Home' Trinidad and Tobago Guardian : December 29th 2013 Contents Grant, the first powered vessel to
enter the races.
The year 1932 was a year of
tragedy, since two competing boats
collided and one of the competitors
drowned before help arrived.
World War II proved to be
another interruption in the festivity;
the resumption of the regatta in
1946 under Mayor Victor C Ram-
saran seemed to have lost some of
the spirit of years gone by.
Regattas were held sporadically
throughout the 1950s and 1960s,
but less than 100 years after its
foundation, the historic event was
Sunday Guardian www.guardian.co.tt December 29, 2013
For nearly a century, the pre-
miere event on San Fernan-
do s social calendar was the
New Year s Day Regatta at
King s Wharf. The elites and the hoi
polloi mingled freely, enjoying water-
sports, athletics and music in a spirit
of genial bonhomie and with none of
the class segregation characteristic of
the colonial period and the present in
The regatta was instituted on January
1, 1870, by Gustave Dieffenthaller, who
owned the largest pharmacy in the town,
the Naparima Dispensary. Gustave was
an enthusiastic sailor and at his call,
boats of all descriptions, from as far
away as La Brea and Oropouche, com-
peted in the lists---which involved a
speedy tack under oar and sail from the
steamship jetty on the wharf to Farallon
Roc,k which stood out in the Gulf of
Paria, almost two miles away.
The rock was the turning point for
the competitors to return and be judged.
Not surprisingly, Dieffenthaller and his
sleek barque, Enterprise, won the day
and the team did so for another two
The races were not the only feature
of the Regatta. Patrons were regaled
with the sonorous talents of the Napari-
ma Harmonic Society, which was found-
ed by the Vilain family---a prominent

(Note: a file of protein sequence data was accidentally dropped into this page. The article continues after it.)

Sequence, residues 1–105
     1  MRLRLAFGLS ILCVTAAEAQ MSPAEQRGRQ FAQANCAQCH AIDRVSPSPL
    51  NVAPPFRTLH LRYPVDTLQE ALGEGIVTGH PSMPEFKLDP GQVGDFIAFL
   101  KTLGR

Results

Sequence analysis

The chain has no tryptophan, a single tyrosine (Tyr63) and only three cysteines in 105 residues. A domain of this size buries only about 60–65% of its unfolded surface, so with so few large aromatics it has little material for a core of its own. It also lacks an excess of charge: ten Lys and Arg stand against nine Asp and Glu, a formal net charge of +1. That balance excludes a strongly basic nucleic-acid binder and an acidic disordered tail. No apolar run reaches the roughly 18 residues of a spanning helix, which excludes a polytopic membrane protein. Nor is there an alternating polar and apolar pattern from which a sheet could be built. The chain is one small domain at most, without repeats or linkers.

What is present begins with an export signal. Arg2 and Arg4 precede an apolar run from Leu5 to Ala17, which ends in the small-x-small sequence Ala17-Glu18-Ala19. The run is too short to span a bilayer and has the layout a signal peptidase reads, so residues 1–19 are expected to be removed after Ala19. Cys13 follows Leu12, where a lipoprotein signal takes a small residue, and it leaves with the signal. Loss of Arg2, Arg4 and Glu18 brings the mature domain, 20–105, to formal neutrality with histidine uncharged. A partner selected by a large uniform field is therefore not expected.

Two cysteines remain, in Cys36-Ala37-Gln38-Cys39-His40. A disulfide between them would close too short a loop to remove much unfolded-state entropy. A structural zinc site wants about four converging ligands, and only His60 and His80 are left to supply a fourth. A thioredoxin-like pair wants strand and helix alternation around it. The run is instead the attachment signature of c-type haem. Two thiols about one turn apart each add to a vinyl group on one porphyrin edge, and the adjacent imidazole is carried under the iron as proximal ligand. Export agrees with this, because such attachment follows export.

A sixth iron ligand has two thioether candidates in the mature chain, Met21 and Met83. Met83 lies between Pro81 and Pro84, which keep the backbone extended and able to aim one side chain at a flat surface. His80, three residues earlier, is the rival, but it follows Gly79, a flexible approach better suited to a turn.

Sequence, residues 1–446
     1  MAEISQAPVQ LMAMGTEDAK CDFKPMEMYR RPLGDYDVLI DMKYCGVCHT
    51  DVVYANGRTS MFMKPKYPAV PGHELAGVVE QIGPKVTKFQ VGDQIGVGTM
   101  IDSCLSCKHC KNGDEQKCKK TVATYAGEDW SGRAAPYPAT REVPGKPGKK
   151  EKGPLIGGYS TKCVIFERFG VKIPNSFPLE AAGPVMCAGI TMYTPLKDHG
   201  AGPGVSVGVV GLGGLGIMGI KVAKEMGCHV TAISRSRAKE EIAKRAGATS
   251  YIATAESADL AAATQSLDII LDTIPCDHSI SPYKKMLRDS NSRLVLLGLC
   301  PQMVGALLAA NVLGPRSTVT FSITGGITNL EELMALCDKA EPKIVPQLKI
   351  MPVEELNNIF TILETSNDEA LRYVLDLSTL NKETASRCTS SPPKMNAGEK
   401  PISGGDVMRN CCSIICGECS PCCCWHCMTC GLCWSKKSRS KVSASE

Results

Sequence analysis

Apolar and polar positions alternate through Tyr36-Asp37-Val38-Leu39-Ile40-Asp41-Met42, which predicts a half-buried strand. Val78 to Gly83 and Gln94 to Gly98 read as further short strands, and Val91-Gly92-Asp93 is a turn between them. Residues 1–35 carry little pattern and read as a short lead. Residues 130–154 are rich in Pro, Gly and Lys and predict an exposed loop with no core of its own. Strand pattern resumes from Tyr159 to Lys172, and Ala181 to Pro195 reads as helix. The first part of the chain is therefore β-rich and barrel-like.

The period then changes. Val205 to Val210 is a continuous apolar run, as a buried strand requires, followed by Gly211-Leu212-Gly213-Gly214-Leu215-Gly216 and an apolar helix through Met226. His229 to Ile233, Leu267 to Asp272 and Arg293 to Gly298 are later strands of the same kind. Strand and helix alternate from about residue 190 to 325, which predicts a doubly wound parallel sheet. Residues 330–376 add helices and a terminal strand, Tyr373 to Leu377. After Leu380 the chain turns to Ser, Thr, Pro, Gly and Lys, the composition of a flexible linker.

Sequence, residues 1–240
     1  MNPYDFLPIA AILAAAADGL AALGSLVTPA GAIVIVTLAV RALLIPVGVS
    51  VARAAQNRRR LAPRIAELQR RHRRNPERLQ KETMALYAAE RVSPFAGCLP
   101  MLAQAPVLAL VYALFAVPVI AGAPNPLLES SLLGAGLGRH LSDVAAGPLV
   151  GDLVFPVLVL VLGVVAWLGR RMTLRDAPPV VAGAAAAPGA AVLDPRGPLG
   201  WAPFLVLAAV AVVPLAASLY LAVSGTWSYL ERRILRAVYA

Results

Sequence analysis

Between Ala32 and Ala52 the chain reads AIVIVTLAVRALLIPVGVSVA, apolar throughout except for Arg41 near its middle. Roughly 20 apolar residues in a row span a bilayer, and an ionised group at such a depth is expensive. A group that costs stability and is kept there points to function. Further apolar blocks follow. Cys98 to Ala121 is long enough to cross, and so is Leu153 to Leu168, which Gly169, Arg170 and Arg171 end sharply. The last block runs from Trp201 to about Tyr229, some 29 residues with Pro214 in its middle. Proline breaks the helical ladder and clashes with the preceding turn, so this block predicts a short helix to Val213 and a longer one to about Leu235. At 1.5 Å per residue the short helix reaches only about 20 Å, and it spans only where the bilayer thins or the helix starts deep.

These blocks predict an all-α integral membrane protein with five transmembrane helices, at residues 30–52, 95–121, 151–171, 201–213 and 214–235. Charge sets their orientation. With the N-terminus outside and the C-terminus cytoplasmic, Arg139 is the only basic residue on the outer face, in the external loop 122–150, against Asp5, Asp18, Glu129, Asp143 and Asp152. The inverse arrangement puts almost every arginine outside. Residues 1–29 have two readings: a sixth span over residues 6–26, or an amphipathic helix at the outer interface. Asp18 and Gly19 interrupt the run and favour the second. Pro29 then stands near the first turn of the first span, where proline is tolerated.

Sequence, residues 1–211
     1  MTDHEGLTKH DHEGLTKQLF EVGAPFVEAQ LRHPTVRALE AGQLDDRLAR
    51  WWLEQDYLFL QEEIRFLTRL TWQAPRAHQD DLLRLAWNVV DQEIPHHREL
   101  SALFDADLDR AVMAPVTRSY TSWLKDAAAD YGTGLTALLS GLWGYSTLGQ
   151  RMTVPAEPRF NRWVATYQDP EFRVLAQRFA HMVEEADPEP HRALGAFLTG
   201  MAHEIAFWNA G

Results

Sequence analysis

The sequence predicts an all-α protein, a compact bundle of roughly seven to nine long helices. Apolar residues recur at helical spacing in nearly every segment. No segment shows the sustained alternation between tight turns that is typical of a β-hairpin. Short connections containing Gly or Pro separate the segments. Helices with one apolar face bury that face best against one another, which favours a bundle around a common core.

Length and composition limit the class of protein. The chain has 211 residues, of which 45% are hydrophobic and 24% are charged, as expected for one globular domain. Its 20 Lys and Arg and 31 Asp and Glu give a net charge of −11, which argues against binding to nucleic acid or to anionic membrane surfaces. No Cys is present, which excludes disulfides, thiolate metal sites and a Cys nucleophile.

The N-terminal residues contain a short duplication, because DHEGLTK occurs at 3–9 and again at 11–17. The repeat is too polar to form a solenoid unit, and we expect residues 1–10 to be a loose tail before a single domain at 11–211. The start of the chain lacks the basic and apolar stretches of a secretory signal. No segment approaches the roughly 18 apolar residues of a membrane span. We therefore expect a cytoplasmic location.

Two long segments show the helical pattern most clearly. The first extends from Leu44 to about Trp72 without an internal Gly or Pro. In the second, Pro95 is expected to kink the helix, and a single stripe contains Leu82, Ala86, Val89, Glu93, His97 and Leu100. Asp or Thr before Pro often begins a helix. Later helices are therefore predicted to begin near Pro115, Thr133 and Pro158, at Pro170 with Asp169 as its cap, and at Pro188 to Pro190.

coloured clan whose musical talents
were known throughout the colony.
The following year, the meet was
expanded to include athletic competi-
tions on the strip of land now occupied
by the PTSC terminus.
In 1872 Gustave Dieffenthaller died
suddenly at 36 years of age, but the
regatta persevered under the manage-
ment of a group of merchants and
planters called the Stewards of the San
In 1878 a purse was offered as a prize
in addition to the signature silver cup.
By the 1880s the regatta had become
something of a national phenomenon
and even attracted the attention of
crowds from Port-of-Spain. The Gulf
Steamer which plied between the two
towns even operated a special sailing to
accommodate the northern spectators.
The steamer also carried dignitaries such
as Sir C C Knollys, the Colonial Admin-
istrator, who became a steward in 1887.
Knollys was an avid sportsman and was
a fixture of the regatta for several years.
Another governor who participated fully
in the happenings of the day was Sir
Alfred Maloney, who even rolled up his
sleeves in 1902 and competed as an
A decade before this, however, the
regatta lost some of its character with
the death of Elvira Glassen. She was a
Grenadian by birth and a woman of
means who had fallen on hard times.
She ran a boarding house and dining
room at No 1 High Street called the
Royal Hotel (no relation to the pres-
ent-day San Fernando establishment
of that name). Elvira would turn out at
every regatta, including the inaugural
meet in 1870, with a stall that sold the
most delicious beef pies, mauby and
lemonade to patrons and spectators
The more upper-crust folks would
repair to her hotel s restaurant at the
close of the day for a lavish dinner,
dancing and cocktails and this had
become very much a fixture of the day.
In 1904 tragedy struck the regatta in
a sudden and gruesome way. As was
customary, a cannon on shore was fired
to signal the start of the races.
On January 1, 1904, the hapless
Charles M Pasea ( a steward of the
regatta) was standing in the firing line.
His head was blown off his shoulders
and far out to sea.
As a result, no regattas were held
until 1907. His grave-marker at Paradise
Cemetery was paid for by his fellow
stewards, which is commemorated on
the back of the headstone thus: "Erected
by the Stewards of the San Fernando
Regatta and other friends. A man greatly
The regatta was suspended temporar-
ily from 1914-17 during World War I
but resumed in the last war year (1918).
In 1920 Mayor Clarence Hamilton
Gopaul was named the first Indo-
Trinidadian Honorary Steward.
A year later, well known San Fer-
nando shipwright George Martin bested
the competition in a steam-powered
launch belonging to Thomas Geddes
San Fernando Regatta crowds at King's Wharf, New Year's Day 1900.
A copy of the San Fernando Regatta
programme for 1918 as published in
the Port- of-Spain Gazette.
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